Mother by M.E. Solomon


The smell of fried potatoes coming from the kitchen wakes me. They have that off smell again. I don’t get out of bed, because I don’t feel like going into the kitchen and starting up a chat with Mother.

Instead, I read the news of the day, right there in the paper Mother left by my bed, like she does every morning. The headlines, the obituaries, and always the crime section, the cold case murders. Occasionally there’s the name of somebody I know in there. A missing person, for instance.

We could’ve gone missing once. When we were kids, my sister came up with a plan to run away, but it never panned out. I wanted to go, but then I thought about how Mother would be all alone. She just had us, her two girls, after all.

Sometimes news like that makes me have strange dreams that seem real. Nightmares, if you will.

After one of those nightmares the other night, I got up to get a glass of water, and I noticed that Mother left a basket of folded laundry for me in the hallway. I like that, how Mother folds the fresh laundry. It smells good.

Like those potatoes she’s making. Well, except for that off smell.

Boy, does she love to cook potatoes. In addition to the meat, of course. Mother’s always been what they call a meat-and-potatoes kind of cook. She loves all kinds of potatoes. Potato chips. Potato salad. Fried. Baked. Even raw. Not sure why, but she eats raw potatoes when nobody’s looking, as if it’s some kind of secret.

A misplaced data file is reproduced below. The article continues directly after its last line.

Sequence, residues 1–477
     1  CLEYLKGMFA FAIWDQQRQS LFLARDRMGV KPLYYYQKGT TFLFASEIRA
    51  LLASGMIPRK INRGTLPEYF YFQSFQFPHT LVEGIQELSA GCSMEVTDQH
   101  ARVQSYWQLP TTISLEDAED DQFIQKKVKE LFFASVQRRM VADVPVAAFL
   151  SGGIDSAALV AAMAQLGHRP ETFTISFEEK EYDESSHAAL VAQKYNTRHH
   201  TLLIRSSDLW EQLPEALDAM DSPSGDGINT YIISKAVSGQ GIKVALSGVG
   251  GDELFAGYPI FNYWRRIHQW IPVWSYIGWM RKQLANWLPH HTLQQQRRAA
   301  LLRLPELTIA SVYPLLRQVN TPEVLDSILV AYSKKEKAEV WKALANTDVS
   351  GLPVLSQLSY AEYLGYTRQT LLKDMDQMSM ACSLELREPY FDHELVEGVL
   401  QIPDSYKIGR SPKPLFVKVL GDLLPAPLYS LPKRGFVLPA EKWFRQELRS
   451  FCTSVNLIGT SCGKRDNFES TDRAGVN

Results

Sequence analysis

Then again, Mother keeps secrets you wouldn’t even imagine. The secret ingredients she would put in our meals when we were growing up, for instance. My sister got so sick once that she couldn’t make it to school. That’s why she eventually left home. I think she got sick of feeling sick.

Mother is sick now. She doesn’t remember things so much anymore. I clean up after her, and sometimes I find things that she forgot about. Imagine that, forgetting your own secrets. That’s like hiding something so good that you can’t find it when you need it.

Like last night, my first night back after I’d been away for a whole week. She made a special meal. I went to bed early. But then Mother was running the water all night, and the floor creaked so loudly on the other side of the wall, it woke me up out of a deep sleep. I almost called out to her and said, “Mother, what are you doing now, in the middle of the night?”  I didn’t, though. I just got up and walked down the hall and peeked in to see why she was running the bath water in the middle of the night.

Cleaning. That’s what she was doing. Cleaning up a bloody mess, right there in the huge bathroom tub. Her kitchen knife on the counter, freezer bags laid out around the sink, full of raw meat and potatoes, or leftovers from dinner, or something.

I didn’t say a word. I shook my head and just went back to bed. I knew I’d be up first thing the next morning to clean up what she missed.


She’s so old.

She forgets her own secrets, so it’s up to me to keep them.

That’s just how it is now.


M.E. Solomon is an Arab-American writer of Gothic and supernatural fiction. Her work has appeared in Teleport Magazine, The Periodical Forlorn, Ample Remains, and The Scribe anthology. She is working on a novel. Follow her at

Published 5/12/24